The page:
Harnessing IIoT to deliver process efficiencies and reduce costs
Tom Kruczynski, Sector Manager - Industrial, Chemical & Energy
The Industrial Internet of Things (IIoT) offers ways to improve efficiency, productivity, and quality in manufacturing and industrial processes, as well as reduce operational costs. However, harnessing it at scale is not easy. Our Industrial, Chemicals and Energy Sector Manager, Tom Kruczynski, says a robust proof-of-concept is critical to leverage the promised benefits.
Strategic alignment of information and operational technologies is the cornerstone of a successful IIoT installation. A typical processing or production plant might involve the integration and upkeep of thousands of sensors, devices, and instruments. IIoT combined with edge computing offers great potential, but successfully adopting it at scale is no mean feat.
Proving the concept
As with any technology innovation, early prototype verification and testing mitigates risks and maximises the benefits. It’s a good idea to devise a lab-based proof-of-concept of an IIoT deployment before launching in a real environment. But this needs to be handled carefully to ensure it delivers valuable learnings that make a meaningful contribution to the project.
At Sagentia Innovation, we apply various capabilities – such as theoretical modelling, sensor engineering, algorithm development, cloud architecture, and data analytics – to demonstrate IIoT concepts. This enables us to test and de-risk large-scale installations for specific industrial applications.
The demonstration video (with subtitles: en français / auf Deutsch / 日本語で) involves a simple flow rig with low-cost camera modules configured as edge devices, measuring multiple flow and fluid properties. Like any industrial process, the pipework has clear sight glasses at specific points, where we have installed the camera modules to capture footage of the liquid flowing through.
We control the system remotely, with a virtual control panel, adjusting variables such as flow rate, introducing air to create bubbles, or adding coloured contaminants. The images are processed locally on edge devices to determine factors such as gas percentage or contaminant distribution. The analysis from the various camera modules is sent to the cloud and a central dashboard is updated in real-time as the liquid properties change; if requested, the camera images can also be uploaded to the cloud for human review.
Transforming process management
In manufacturing and industrial applications, edge devices might include sensors or other instruments that measure the properties of the process medium or the equipment around it. Besides connecting to the wider infrastructure and transmitting measurement data, they can perform some data processing in situ. This provides valuable real-time insights that empower operators and engineers, both remotely and on the ground. What’s more, edge devices’ functionality can be adapted via remote firmware updates, bringing greater ease and efficiency to ongoing system management.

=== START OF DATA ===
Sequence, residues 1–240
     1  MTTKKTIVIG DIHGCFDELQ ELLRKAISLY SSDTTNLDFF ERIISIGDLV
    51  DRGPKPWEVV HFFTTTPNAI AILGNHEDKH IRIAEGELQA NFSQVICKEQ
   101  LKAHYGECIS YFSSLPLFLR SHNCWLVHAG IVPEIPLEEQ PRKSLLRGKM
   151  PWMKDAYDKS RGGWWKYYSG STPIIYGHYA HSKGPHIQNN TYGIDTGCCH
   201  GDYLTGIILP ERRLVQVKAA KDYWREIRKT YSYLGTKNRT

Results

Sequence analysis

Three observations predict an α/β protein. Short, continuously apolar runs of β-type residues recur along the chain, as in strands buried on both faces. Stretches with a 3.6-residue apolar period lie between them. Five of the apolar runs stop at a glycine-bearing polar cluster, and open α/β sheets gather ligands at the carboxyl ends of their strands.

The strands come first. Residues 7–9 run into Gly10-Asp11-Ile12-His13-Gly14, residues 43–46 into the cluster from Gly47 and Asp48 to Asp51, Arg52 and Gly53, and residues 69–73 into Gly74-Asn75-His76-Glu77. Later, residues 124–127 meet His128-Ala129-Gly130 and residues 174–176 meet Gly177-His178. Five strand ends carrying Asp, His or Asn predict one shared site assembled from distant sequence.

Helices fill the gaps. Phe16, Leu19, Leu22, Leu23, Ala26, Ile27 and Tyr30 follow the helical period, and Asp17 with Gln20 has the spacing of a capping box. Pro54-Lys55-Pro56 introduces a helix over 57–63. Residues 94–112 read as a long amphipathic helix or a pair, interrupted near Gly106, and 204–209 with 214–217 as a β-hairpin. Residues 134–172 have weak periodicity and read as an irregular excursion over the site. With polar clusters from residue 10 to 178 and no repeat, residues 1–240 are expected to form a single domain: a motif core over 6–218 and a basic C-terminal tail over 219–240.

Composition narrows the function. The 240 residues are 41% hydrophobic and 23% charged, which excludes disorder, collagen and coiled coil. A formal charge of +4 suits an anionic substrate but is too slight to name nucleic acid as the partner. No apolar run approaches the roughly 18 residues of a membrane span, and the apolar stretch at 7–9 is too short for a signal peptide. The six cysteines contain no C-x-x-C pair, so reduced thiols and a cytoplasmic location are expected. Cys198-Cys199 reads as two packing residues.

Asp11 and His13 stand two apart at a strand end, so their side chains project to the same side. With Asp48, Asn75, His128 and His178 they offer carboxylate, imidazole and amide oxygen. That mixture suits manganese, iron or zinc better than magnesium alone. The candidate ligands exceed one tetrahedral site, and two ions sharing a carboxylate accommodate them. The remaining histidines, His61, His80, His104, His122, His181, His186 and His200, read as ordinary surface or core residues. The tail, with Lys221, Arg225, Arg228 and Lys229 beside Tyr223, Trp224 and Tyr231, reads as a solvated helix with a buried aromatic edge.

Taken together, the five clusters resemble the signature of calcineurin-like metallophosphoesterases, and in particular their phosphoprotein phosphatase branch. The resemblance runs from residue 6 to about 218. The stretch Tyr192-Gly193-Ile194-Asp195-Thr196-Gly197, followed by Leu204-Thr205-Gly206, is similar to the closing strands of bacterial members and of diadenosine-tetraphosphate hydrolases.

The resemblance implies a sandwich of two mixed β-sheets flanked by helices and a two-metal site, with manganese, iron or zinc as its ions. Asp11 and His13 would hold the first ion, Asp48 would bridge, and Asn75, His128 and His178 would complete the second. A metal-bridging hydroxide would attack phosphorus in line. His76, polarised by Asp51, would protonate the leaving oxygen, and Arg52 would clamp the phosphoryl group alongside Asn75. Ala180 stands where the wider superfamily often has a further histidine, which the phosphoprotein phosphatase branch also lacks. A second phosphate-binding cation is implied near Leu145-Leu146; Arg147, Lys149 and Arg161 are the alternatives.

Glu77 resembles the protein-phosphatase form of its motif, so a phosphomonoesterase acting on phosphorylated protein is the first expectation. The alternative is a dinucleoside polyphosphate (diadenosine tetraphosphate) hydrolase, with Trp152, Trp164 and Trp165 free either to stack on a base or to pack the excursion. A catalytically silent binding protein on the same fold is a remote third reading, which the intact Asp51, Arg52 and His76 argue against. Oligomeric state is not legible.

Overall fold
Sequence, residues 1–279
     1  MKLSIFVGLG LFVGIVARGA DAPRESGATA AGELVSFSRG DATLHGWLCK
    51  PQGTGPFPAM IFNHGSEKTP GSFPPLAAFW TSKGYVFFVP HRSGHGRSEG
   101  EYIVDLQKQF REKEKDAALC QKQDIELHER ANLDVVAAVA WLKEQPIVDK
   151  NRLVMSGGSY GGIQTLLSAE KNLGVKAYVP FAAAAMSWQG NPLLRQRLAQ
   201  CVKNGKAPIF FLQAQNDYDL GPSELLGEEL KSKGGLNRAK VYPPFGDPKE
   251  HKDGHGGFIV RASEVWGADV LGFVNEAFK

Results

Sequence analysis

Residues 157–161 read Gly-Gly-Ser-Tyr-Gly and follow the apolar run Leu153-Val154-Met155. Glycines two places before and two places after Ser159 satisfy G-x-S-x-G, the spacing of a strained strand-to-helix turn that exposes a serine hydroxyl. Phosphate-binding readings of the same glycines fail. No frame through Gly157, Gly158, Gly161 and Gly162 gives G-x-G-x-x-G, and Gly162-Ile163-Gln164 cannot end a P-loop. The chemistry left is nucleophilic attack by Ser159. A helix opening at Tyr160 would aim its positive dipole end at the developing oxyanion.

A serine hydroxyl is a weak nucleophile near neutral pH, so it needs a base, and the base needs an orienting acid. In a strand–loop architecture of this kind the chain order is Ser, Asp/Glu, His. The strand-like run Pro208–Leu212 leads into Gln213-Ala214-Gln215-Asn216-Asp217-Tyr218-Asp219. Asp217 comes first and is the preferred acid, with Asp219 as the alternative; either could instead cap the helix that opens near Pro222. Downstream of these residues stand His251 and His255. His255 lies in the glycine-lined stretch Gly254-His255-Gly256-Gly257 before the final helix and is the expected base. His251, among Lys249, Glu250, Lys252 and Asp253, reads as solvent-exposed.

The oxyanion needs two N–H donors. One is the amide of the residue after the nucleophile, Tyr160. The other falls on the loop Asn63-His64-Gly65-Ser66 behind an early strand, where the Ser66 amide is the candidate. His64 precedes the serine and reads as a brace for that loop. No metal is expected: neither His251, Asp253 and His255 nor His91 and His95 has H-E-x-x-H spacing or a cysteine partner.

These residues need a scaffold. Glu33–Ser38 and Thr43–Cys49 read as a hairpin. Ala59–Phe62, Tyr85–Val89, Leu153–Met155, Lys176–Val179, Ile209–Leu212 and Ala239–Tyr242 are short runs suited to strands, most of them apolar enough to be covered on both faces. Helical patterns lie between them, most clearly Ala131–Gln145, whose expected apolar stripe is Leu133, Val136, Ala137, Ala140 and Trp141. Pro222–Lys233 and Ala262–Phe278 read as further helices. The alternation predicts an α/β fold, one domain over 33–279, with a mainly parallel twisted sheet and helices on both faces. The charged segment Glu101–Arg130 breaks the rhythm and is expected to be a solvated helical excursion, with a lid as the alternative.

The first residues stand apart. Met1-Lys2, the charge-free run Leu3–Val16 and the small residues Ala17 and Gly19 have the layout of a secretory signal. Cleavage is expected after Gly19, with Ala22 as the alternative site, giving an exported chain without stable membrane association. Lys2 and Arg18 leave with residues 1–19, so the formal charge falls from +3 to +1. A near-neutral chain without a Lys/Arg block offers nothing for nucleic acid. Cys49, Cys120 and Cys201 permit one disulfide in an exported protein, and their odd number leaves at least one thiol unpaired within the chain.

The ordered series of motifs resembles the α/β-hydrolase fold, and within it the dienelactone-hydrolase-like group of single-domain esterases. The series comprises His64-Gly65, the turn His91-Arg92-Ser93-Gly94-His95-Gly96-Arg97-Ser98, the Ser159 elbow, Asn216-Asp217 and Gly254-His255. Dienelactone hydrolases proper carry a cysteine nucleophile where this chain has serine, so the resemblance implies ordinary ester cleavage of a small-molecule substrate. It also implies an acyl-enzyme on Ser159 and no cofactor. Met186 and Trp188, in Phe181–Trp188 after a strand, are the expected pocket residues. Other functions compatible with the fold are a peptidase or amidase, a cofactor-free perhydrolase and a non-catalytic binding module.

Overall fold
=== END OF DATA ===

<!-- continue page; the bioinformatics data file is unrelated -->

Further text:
Low-cost, multi-purpose edge devices are a principal enabling technology of IIoT. Traditionally, they provide connectivity between disparate networks, but they’re also capable of playing a more advanced role. As smart manufacturing gains momentum and industrial process automation becomes more mainstream, they’re an increasingly important part of IIoT ecosystems.
Over time, using smart edge devices in IIoT deployments can aid the adoption of advanced practices like prognostics and preventative maintenance. It’s a transformative way of working that allows greater production control, whether you’re managing a beverage production line or an oil refinery.
“Grand View Research suggests IIoT will expand at a compound annual growth rate of 22.8% between 2021 and 2028.”
The future of IIoT
While the potential benefits of IIoT are clear, the stakes are high. Many business leaders are hesitant about the transition to largescale deployment. Nevertheless, analysts are predicting aggressive growth in this space over the next five years. Grand View Research suggests IIoT will expand at a compound annual growth rate of 22.8% between 2021 and 2028.
In this context, failure to progress is a risk, especially if competitors embrace IIoT successfully first. Robust proof-of-concepts offer a prudent and pragmatic way to drive things forward. Getting it right requires a convergence of industrial process expertise and advanced digital capabilities to ensure operational and information technologies are well-aligned. Scientific understanding of the industrial process is also necessary, as well as knowledge of sensors or other measurement technologies used in edge devices.
Organisations that facilitate collaborative innovation drawing on wide-ranging expertise will be best placed to harness IIoT. They’ll create opportunities to overcome their most enduring or complex process challenges. Critically, the outcomes will generate improved process efficiency and quality, both of which achieve greater sustainability and profitability.
Find out more about how we support digital transformation for industrial, chemical and energy.